Inference 2: causation

Robert Stewart

in Practical Psychiatric Epidemiology

Published on behalf of Oxford University Press

Published in print August 2003 | ISBN: 9780198515517
Published online March 2013 | e-ISBN: 9780191754289 | DOI:
Inference 2: causation

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The study of cause and effect forms the basis for most human interaction. The repetitive investigation of actions and their consequences can be readily seen in children's behaviour. Adult behaviour may be more complex but essentially involves identical principles. When we speak to someone for the first time, an initial impression is formed. If the conversation proceeds, the impression (hypothesis) is tested and refined through evaluating actions (what we say) and their consequences (the reaction or reply this provokes). If an unknown factor is present (e.g. the other person is preoccupied with something else), the relationship between cause and effect may be misinterpreted resulting in a false impression (e.g. that they are rude or unfriendly). The process can be seen as a repeated series of experiments, albeit unconscious. All of us are therefore involved in active cause–effect research for most of our waking lives. However the inferences (whether true or false) derived from these day-to-day experiments apply only to ourselves. Science and philosophy on the other hand seek to uncover truths that are generalizable beyond the individual. Because of this, their experiments require greater scrutiny.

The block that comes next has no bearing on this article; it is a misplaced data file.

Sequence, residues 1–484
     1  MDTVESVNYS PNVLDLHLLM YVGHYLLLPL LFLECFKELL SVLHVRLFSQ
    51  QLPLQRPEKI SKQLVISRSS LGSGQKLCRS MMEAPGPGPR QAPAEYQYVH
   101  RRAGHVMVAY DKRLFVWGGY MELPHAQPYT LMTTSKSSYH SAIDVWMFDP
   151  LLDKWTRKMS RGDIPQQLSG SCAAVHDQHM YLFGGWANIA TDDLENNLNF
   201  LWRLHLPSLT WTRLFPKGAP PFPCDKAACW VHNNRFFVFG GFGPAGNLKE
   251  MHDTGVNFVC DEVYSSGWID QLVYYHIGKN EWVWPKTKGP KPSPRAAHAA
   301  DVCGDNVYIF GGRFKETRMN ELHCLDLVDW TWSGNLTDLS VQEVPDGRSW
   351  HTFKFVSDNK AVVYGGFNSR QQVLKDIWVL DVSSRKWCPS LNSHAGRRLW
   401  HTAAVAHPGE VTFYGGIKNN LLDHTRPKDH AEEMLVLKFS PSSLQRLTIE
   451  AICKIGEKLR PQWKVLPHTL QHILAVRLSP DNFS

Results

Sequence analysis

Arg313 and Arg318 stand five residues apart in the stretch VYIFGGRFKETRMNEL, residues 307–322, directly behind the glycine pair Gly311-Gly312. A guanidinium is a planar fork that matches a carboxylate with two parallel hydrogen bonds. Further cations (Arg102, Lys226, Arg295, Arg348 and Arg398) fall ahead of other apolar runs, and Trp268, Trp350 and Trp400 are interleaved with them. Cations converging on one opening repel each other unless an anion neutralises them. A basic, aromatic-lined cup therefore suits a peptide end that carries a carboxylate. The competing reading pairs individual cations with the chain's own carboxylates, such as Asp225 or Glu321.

Research may be divided into that which is observational (describing what is there) and that which is analytic (explaining why it is there). Deducing cause and effect relationships is central to analytic research. The ‘result’ of any given experiment is indisputable. What is open to interpretation is what caused that result. As discussed in Chapter 12, a series of questions have to be asked. What is the likelihood of it having occurred by chance? Was it caused by problems in the design of the study (bias), by the influence of a different factor to that hypothesised (confounding), or by a cause–effect relationship in the opposite direction to that anticipated (‘reverse’ causality)? If the anticipated cause–effect relationship is supported, what precise cause and effect were being measured in the study under consideration and how might other factors contribute to this? And what are the implications of the findings? The focus for critiquing a research report (apart from allegations of deliberate falsification) strictly speaking should not be the reported ‘Results’ but the ‘Discussion and Conclusions’—the inferences (particularly regarding cause and effect) which can be drawn from the results and therefore the generalisability of findings beyond the experimental situation.

Chapter.  5150 words.  Illustrated.

Subjects: Psychiatry ; Public Health and Epidemiology ; Epidemiology

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